Papain, Chymo

I.U.B.: 3.4.22.6

C.A.S.: 9001-09-6 

Enzymatic Reaction (image will open in a new window) 

Chymopapain is an extracellular cysteine proteinase secreted in the latex of the Carica papaya tree. Chymopapain was thought to exist as two forms, A and B (Maes et al. 1996); however, those terminologies were replaced through the results of molecular cloning experiments, which revealed a multiplicity of enzymes differing in only one or two amino acid residues (Taylor et al. 1999).

History:

In 1941, Jansen and Balls first described chymopapain, after obtaining it in crystalline form from papaya latex (Guha et al. 2006). It was termed chymopapain to distinguish it as the proteolytic activity remaining after the removal of papain (Taylor et al. 1999).

In 1967, Kunimitsu and Yasunobo first demonstrated chymopapain’s charge heterogeneity through cation-exchange chromatography, creating the notion that two forms of the enzyme existed: chymopapain A and chymopapain B. It has since been determined the separation observed during cation-exchange chromatography was instead due to the charge heterogeneity of chymopapain, and contamination with glycyl endopeptidase (Buttle 2004).

The amino acid sequences for chymopapain were published by Jacquet et al. in 1989 (Jacquet et al. 1989b) and Watson et al. in 1990. In 1996, Maes et al. elucidated the structure of chymopapain to a 1.7 Å resolution, and in 1999 Taylor et al.’s molecular cloning studies revealed five isoforms of the enzyme, putting an end to the chymopapain A and chymopapain B terminologies.

Recent research continues to investigate the wound-induced expression of chymopapain, as well as other papaya endopeptidases (Azarkan 2006). Chymopapain is also being used as a control to study human invertebral disc degeneration, as it mimics the natural process of degradation (Chen et al. 2009). Chymopapain has also found use in research in rheumatoid arthritis as it mimics the increased activity of proteases found in the joints of patients with rheumatoid arthritis (Sabaratnam et al. 2007).

Specificity:

Chymopapain shows a broad substrate specificity (Jacquet et al. 1989a). Chymopapain hydrolyzes a wide variety of substrates, similar to papain, but at slower rates. The substrate specificity is primarily controlled by the S2 subsite (Drenth et al. 1976).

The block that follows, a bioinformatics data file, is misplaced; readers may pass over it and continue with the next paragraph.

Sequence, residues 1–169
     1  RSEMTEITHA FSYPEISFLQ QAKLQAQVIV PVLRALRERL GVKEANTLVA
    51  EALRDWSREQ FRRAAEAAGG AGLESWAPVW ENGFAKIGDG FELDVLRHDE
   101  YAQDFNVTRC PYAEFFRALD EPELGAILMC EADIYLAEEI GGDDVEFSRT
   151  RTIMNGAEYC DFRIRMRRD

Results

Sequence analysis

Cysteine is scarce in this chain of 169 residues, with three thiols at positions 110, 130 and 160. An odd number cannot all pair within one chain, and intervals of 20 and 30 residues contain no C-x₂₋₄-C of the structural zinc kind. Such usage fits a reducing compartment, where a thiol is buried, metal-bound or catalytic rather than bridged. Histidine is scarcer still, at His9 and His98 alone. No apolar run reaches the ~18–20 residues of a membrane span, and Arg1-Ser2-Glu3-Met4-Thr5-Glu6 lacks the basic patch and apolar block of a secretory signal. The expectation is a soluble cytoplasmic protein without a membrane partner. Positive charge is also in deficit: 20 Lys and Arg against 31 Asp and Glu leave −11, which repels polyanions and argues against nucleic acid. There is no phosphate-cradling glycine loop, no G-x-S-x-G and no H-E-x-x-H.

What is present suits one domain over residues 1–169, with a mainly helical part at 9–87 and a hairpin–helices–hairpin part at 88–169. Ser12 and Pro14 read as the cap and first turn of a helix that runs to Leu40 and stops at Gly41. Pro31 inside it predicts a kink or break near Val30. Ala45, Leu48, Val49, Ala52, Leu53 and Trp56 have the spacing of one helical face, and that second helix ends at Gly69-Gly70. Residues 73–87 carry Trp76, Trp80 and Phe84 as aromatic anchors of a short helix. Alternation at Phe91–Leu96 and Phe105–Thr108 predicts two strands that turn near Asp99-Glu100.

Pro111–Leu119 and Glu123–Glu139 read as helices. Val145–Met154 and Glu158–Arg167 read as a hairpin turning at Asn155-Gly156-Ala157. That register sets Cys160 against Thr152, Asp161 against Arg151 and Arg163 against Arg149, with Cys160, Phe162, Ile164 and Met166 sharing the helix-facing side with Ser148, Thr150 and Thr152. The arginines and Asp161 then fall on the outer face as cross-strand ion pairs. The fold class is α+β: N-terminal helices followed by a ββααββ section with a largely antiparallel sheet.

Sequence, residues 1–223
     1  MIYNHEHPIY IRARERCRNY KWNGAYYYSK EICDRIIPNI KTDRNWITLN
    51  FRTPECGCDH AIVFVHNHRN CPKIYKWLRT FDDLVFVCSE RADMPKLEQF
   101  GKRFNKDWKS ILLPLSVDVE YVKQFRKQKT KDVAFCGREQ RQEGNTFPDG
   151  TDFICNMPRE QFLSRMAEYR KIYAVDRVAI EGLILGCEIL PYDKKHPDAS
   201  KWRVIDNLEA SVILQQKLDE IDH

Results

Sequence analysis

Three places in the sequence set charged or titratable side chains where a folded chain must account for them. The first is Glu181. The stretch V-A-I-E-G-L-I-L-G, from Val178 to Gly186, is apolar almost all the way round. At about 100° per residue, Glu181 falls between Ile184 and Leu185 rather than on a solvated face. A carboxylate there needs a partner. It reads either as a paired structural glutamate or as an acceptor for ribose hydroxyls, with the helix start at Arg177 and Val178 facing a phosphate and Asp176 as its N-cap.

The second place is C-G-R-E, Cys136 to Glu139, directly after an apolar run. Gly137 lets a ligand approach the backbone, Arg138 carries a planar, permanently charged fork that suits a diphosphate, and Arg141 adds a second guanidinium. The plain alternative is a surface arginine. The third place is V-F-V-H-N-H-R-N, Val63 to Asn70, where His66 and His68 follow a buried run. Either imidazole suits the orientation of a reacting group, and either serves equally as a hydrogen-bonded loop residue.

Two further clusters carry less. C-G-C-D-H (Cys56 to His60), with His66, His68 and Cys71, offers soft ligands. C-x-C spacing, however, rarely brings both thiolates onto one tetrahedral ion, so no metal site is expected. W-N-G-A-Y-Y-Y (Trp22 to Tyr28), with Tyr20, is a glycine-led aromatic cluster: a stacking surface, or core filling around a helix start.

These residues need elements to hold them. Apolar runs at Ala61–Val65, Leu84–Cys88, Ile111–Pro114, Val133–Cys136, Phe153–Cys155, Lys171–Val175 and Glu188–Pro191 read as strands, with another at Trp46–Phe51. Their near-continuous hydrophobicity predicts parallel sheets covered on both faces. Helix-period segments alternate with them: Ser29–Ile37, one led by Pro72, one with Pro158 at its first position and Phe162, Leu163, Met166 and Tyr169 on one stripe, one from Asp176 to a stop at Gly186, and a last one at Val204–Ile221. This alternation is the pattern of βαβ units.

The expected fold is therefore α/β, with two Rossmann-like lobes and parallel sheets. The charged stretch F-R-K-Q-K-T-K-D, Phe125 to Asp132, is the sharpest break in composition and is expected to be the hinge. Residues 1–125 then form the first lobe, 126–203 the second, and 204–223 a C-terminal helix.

Molecular Characteristics:

The enzyme is a polypeptide chain of 218 amino acids. Chymopapain shows 58% sequence identity with papain (Sumner et al. 1993, and Buttle 2004). Among the papaya proteinases, V133 and V157 are highly conserved. Chymopapain is unique in that V133 and V157 are replaced by leucine in all five isoforms (Taylor et al. 1999, and Buttle 2004).

Composition:

Chymopapain is synthesized with N-terminal signal and propeptide regions, which are required for proper folding (McKee et al. 1986, Revell et al. 1993, Karrer et al. 1993, Taylor et al. 1995, and Vernet et al. 1995). These propeptides have been found to be selective high-affinity inhibitors of the mature enzyme (Taylor et al. 1995). Unlike other proteinases that have one free cysteine in the active site, chymopapain has a second non-essential free cysteine residue (C117) (Sumner et al. 1993).

Protein Accession Number: P14080

CATH Classification (v. 3.3.0):

  • Class: Alpha Beta
  • Architecture: Alpha-Beta Complex
  • Topology: Cathepsin B; Chain A

Molecular Weight: 

  • 27 kDa (Ebata 1962)

Optimal pH:

  • Broad, centered around 7 (Buttle 2004)

Isoelectric Point:

  • 10.2-10.6 (Baines and Brocklehurst 1982)

Extinction Coefficient:

  • 42,600 cm-1 M-1 (Robinson 1975)
  • E1%, 280 = 18.14 (Theoretical)

Active Site Residues:

  • Cysteine (C159)
  • Histidine (H293)
  • Asparagine (N313)

Activators:

  • 2,3-Dimercaptopropanol (Ebata and Yasunobu 1962)
  • Cysteine (Ebata and Yasunobu 1962)
  • Glutathione (Ebata and Yasunobu 1962)
  • NaN3 (Kunimitsu 1970)

Inhibitors:

  • Ag+, Cu2+, Hg2+, and Zn2+ (Kunimitsu 1970)
  • Cystatin (Björk and Ylinenjörvi 1990)
  • Iodoacetate
  • PCMB
  • Albumin and succinyl-albumin (Zucker et al. 1985)

Applications

  • Rheumatoid arthritis research
  • Control in disc degeneration studies
  • Prior to being discontinued in the United States in 2003, chymopapain was injected directly into herniated disks to dissolve part of the disc and relieve pain

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